For Utah residents looking to spend their New Year’s Eve getting white girl wasted, a hangover just officially became the least of their concerns.
Because Sunday morning, a new law went into effect that drops the state’s blood alcohol content limit from 0.08 to 0.05—the strictest DUI standard in the entire country.
Happy New Year!
According to CNN, the new law also states that “thou shalt call an Uber” and anyone who “operates a motor vehicle in a negligent manner causing the death of another” and has a “blood alcohol concentration of .05 grams or greater” will have committed a criminal homicide, a felony.
There was minimal resistance in getting the change approved in 2017 by the Legislature, which primarily consists of Mormons and Republicans, and was signed into law by Gov. Gary Herbert, who just so happens to be Republican and member of The Church of Jesus Christ of Latter-day Saints, the Chicago Tribune reports. That religion is noted for teaching its members to abstain from drinking alcohol.
So why the crackdown exactly 24 hours before the biggest party of the year? Because Utah is sick and tired of DUIs—they’ve averaged 29.8 DUI arrests every day for the past five years—and expects other states to follow suit.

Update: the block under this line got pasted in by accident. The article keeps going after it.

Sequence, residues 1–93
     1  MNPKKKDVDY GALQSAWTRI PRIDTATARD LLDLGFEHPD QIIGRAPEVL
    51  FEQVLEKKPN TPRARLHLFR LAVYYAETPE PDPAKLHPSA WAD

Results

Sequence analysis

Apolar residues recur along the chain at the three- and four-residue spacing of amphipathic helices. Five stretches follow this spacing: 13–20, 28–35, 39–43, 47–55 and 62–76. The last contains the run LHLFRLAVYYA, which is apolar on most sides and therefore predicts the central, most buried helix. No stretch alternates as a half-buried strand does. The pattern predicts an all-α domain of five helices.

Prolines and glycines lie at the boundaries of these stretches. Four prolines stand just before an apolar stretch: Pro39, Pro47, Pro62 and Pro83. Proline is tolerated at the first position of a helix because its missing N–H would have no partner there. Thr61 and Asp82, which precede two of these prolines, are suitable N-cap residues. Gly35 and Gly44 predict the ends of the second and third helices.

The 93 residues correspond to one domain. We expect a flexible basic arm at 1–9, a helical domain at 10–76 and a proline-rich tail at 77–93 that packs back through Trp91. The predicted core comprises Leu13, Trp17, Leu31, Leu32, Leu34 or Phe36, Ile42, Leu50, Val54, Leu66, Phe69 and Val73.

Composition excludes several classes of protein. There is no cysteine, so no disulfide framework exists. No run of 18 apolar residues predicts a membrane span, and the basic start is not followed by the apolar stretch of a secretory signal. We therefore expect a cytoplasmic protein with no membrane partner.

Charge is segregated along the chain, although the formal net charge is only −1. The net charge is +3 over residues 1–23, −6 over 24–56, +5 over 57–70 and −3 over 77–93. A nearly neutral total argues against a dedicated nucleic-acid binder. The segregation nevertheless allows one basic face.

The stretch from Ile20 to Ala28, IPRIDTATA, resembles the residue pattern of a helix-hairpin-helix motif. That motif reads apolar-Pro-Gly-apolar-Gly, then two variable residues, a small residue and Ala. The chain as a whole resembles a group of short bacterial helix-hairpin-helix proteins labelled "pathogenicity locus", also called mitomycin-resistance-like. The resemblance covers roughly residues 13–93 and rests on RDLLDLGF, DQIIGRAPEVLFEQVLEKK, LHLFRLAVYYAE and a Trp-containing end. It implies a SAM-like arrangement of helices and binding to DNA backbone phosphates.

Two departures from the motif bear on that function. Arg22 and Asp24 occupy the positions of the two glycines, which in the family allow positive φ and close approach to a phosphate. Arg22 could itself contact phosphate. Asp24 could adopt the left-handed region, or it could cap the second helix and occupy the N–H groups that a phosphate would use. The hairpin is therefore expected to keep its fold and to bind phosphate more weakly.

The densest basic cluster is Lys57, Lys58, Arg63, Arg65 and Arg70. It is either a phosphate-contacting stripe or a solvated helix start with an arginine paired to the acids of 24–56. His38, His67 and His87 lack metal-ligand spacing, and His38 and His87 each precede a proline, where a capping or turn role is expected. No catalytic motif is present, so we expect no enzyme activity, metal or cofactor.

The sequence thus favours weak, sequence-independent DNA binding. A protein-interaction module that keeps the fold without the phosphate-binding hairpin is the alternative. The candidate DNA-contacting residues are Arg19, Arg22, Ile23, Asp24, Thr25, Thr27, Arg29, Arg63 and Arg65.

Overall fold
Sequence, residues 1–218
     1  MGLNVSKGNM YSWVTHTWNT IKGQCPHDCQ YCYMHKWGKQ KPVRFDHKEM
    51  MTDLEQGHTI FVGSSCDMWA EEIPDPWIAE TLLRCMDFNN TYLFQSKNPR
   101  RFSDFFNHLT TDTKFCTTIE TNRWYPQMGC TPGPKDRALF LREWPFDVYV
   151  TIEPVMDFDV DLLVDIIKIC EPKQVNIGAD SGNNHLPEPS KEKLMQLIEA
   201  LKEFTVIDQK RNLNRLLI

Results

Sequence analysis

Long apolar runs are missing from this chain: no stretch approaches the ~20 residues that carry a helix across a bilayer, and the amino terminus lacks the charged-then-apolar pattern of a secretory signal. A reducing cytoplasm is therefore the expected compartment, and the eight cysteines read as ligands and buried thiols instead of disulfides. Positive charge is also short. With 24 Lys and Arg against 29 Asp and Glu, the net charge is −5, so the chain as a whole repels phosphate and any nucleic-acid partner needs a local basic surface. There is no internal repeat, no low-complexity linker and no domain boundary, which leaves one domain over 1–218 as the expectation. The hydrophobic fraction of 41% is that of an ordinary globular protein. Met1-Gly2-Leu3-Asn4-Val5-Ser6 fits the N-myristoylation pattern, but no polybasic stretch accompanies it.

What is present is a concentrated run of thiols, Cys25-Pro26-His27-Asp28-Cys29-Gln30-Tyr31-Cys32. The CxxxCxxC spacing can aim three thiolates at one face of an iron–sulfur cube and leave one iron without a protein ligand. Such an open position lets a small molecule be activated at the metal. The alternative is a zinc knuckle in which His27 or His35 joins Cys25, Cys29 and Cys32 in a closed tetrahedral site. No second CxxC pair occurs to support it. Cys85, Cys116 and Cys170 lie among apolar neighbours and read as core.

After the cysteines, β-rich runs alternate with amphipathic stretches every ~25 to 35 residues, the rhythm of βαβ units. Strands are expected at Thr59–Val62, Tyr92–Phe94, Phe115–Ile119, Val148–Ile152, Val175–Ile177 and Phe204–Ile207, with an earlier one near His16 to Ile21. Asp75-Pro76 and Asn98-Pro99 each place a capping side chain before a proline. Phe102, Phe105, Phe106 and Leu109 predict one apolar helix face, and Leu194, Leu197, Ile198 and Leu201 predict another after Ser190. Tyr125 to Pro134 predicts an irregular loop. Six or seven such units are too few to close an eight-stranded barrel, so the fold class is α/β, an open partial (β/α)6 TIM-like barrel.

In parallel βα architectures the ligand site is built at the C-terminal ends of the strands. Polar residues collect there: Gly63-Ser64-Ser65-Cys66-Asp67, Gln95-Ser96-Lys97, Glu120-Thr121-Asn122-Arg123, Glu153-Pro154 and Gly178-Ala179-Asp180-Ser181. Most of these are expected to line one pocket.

“We’ve recommended a 0.05 (blood alcohol content) to states since 2013, and we are happy that Utah is the first to actually complete this recommendation,” National Transportation Safety Board member Bella Dinh-Zarr said. “We think it will be a great incentive for other states and an encouragement to follow suit.”
Utah’s Department of Public Safety also added, “Despite decades of public campaigns and other efforts to discourage driving after drinking, survey and observational data show many people continue to do so.”
For the rest of the country, a 0.08 threshold for noncommercial drivers over the age of 21 remains standard. And this new law isn’t without its fair share of detractors.
The American Beverage Institute notes that a woman could reach the 0.05 limit after a single drink, while a 160-pound man could reach the limit after two. And is it fair to face criminal charges for only consuming one or two drinks?
“Hopefully, it deters people from thinking, ‘Maybe I’m OK. I’ve only had a few beers. I’m fine to drive,’” Matt Miller told KUTV, even though he doesn’t drive after drinking. “If it deters people from drinking and driving, I think it’s a good thing, honestly.”
Meanwhile, David Rosenbloom, a local lawyer who’s handled more than a 1,000 DUI cases, believes the change equates to bad policy for the state.
“If you have one drink, and drive within the hour,” he told KUTV, “you’re going to be over .05,” he said. “You’d have to be crazy under this law to have anything to drink and drive.”
Also of note is the fact that this new law comes at a time where drunken-driving fatalities in the U.S. have been on the decline. According to the National Highway Traffic Safety Administration, they’ve decreased by a third over the past 30 years even though almost 29 people still die each day from alcohol-related crashes—which comprise roughly 28 percent of all motor vehicle fatalities.
So all that to say, if you’re looking to party in Utah for New Year’s Eve, that Lyft surcharge is a small price to pay for your safety and peace of mind.